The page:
Making sleep optional

It’s a safe bet that there have been a lot of bleary-eyed people around Regina this week, following last week’s Grey Cup revelry.  But then, there are a lot of bleary-eyed people around all the time, since very few of us ever get as much sleep as we really need.

That being the case, wouldn’t it be great if you could just take a pill and feel alert enough to do everything you need to do today?

I’m not talking about amphetamines, the traditional pick-me-up of the exam-cramming student.  A whole new class of drugs is making its way into the mainstream that some think have the potential to make sleep almost optional.

Modafinil, developed in the 1990s in France and available in Canada since 1999 under the brand name Alertec, is a prescription drug currently approved only for narcolepsy.  However, it’s beginning to find its way into the hands of other people who need to stay awake, from soldiers to workaholic businesspeople.

Using chemicals to stay awake is hardly new.  The Chinese used green tea and a herb called ma huang, which contains ephedrine.  Incan warriors chewed coca leaves.  Millions use coffee.

In this century, we developed amphetamines, nicknamed “go-pills” by the U.S. Air Force, whose pilots have used them since the Second World War (and still do–the U.S. pilots who bombed Canadian soldiers in Afgahnistan were taking them).  Amphetamines stimulate the entire central nervous system, essentially fooling the brain into thinking it’s being threatened.  That means they also raise your pulse rate and give you jolts of adrenaline.  Not surprisingly, they interfere with normal sleep patterns, and you have to take larger and larger doses to get the same effect until, inevitably, you crash. Amphetamines can also be addictive, which is why there’s also a thriving illegal trade in them.

Scientists long believe that waking and sleeping were controlled by the same part of the brain.  But in the late 1980s, a team of researchers at Stanford University’s Sleep Research Center  discovered that a part of the hypothalamus called the suprachiasmatic nuclei controls wakefulness, while sleepiness is controlled elsewhere.  Rather than jazzing up the entire nervous system, modafinil somehow (the precise mechanism still isn’t understood) keeps the wakefulness center active long after it would normally have shut down.  As a result, the rest of the brain thinks it’s well-rested, even when it’s not.

Research subjects report feeling nothing at all when they take modafinil–the only difference they note is that, by the time they’re usually yawning, they still feel alert.  Better yet, modafinil doesn’t interfere with normal sleep–subjects could take it, stay alert until they decided it was bedtime, then go to sleep as usual.  Modafinil also shows no signs of being addictive and only rarely causes minor side effects like headache and nausea.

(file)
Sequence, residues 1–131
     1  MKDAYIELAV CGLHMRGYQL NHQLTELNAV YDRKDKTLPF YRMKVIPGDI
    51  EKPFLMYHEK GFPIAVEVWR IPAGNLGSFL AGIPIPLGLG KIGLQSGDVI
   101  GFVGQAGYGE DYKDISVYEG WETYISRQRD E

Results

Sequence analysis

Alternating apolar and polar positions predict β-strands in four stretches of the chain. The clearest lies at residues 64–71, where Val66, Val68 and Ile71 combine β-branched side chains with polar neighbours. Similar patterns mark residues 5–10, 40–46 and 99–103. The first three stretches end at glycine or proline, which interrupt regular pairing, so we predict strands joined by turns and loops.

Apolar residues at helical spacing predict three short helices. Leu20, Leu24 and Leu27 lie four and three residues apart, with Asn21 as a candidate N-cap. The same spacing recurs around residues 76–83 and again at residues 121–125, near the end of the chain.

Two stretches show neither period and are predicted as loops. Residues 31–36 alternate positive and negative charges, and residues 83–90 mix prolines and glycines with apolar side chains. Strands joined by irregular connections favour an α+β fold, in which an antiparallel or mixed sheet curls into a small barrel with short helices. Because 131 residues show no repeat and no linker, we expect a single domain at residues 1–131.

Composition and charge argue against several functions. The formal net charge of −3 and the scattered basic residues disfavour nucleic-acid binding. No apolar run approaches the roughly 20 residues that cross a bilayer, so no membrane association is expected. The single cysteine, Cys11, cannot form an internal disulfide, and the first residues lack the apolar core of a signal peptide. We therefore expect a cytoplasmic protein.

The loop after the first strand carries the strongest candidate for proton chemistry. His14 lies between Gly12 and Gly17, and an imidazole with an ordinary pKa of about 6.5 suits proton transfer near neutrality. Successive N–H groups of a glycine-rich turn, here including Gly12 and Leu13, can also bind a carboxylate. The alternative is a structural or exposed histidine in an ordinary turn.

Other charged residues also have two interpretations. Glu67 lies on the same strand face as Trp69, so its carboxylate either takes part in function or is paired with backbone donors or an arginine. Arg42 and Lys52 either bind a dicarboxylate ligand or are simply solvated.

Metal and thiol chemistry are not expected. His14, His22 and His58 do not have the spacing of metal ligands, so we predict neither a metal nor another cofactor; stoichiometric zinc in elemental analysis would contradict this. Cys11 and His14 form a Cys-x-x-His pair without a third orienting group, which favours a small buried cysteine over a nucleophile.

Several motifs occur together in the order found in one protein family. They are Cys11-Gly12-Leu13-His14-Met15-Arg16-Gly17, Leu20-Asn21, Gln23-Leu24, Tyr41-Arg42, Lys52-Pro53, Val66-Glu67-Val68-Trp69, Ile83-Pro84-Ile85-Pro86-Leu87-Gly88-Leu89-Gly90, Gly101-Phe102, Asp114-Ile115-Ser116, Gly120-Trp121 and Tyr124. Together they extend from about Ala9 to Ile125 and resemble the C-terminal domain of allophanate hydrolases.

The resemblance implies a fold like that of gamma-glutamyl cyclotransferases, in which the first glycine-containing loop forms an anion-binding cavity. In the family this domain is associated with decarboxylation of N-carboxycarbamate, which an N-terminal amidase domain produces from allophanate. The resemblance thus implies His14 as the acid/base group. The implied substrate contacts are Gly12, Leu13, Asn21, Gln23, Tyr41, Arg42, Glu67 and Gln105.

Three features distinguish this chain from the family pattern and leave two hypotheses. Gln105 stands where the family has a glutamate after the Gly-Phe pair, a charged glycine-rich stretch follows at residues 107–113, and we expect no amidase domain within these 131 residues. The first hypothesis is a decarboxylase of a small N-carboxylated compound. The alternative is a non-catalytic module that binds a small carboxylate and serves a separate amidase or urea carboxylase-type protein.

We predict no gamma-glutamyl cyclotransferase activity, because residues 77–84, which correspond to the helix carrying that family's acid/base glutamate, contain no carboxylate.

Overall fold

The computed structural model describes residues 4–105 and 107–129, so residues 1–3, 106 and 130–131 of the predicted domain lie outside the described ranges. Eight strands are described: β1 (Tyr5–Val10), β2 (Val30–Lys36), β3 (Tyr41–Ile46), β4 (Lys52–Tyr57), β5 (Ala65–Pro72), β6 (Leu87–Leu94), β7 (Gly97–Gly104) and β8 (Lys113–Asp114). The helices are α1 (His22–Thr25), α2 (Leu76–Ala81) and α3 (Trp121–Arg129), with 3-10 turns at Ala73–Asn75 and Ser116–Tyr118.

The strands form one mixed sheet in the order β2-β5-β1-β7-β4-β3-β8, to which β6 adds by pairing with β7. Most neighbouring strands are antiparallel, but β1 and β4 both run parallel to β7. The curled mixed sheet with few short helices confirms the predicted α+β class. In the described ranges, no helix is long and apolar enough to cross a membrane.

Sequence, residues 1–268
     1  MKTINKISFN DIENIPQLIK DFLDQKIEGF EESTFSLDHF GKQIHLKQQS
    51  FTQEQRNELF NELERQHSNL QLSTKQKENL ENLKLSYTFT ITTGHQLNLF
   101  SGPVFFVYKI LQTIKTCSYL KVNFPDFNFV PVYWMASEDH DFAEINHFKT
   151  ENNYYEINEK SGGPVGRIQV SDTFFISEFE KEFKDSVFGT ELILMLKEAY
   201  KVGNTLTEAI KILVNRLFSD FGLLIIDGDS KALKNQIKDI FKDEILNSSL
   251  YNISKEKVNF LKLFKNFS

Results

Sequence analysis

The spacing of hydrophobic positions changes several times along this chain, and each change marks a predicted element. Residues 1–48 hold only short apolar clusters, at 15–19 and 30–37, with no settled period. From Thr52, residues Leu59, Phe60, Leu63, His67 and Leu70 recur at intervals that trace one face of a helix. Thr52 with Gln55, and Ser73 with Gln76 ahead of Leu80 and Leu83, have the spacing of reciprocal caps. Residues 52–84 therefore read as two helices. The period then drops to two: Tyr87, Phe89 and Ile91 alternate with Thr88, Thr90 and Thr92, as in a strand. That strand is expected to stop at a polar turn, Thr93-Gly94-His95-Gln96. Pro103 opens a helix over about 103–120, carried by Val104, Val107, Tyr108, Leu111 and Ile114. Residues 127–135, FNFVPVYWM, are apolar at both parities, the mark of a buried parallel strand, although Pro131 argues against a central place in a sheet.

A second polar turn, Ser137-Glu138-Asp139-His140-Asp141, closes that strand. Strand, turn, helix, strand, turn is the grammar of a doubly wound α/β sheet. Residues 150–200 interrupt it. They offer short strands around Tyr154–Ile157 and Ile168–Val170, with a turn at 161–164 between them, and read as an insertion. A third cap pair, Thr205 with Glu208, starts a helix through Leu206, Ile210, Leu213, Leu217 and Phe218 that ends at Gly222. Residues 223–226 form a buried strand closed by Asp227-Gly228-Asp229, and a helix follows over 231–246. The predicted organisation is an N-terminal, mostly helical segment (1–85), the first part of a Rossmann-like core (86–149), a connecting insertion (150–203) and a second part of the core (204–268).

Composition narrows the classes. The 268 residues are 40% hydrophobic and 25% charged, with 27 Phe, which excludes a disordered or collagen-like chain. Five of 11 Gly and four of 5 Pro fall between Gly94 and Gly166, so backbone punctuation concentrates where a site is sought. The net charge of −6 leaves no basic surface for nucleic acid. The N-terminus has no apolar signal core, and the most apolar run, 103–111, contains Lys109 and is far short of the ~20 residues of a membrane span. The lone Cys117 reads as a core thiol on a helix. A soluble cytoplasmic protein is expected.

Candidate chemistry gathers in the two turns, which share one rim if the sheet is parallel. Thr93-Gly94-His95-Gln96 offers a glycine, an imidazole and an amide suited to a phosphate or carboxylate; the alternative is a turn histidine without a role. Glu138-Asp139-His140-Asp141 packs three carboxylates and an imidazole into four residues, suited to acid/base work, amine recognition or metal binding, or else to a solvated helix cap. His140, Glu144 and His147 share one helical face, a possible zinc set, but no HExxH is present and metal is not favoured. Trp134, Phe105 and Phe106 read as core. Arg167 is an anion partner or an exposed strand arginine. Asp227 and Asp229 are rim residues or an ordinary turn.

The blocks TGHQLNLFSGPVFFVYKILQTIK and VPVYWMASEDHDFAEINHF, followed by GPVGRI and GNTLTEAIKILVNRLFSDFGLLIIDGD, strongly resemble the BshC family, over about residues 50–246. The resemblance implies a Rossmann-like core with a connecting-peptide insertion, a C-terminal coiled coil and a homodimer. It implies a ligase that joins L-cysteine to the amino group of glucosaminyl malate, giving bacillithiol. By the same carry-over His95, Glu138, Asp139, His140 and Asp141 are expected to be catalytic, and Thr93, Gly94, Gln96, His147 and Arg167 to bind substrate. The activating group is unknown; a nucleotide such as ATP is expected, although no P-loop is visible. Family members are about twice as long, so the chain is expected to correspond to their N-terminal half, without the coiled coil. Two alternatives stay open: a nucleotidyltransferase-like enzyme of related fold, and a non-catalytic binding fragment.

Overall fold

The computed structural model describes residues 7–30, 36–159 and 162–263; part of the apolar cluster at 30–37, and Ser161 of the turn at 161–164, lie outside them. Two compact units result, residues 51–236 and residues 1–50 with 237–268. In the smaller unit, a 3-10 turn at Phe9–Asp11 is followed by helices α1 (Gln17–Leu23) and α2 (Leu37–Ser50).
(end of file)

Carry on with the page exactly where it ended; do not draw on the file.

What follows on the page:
So will there eventually be an over-the-counter version?  Not in the short term.  Modafinil is still a fairly new drug, and long-term side-effects aren’t known.  As well, experts worry that although it isn’t addictive, people might begin using it constantly, shirking on sleep–and sleep is important for more reasons than just mental alertness, also helping to regulate our hormonal and immune systems. There is also concern about unknown interactions with other drugs.

However, tests are underway for its use with other sleep disorders, such as chronic fatigue syndrome and sleep apnea, those caused by multiple sclerosis, and more.  Doctors are also interested in testing it in patients with depression.  Tests are now underway in Chicago to see if modafinil can help shift workers who report being intensely sleepy when they’re supposed to be working–a potentially dangerous condition in many lines of work. And, of course, military forces around the world are experimenting with it; it’s apparently already in use, in a limited and somewhat unofficial fashion, by the U.S. forces in Iraq.

Already companies around the world are working on even more effective drugs to help people stay awake–and, since a better understanding of the wake/sleep mechanisms in the brain cuts both ways, to help them fall asleep more quickly and sleep better.

We may eventually be able to customize our sleep-wake cycles to our own particular needs, scheduling sleep when its convenient, staying fully alert when it’s not. Exactly what that might mean for society, no one can yet say.

But it’s not here yet.  For now, the age-old solution to drowsiness remains the best:

Take a nap.

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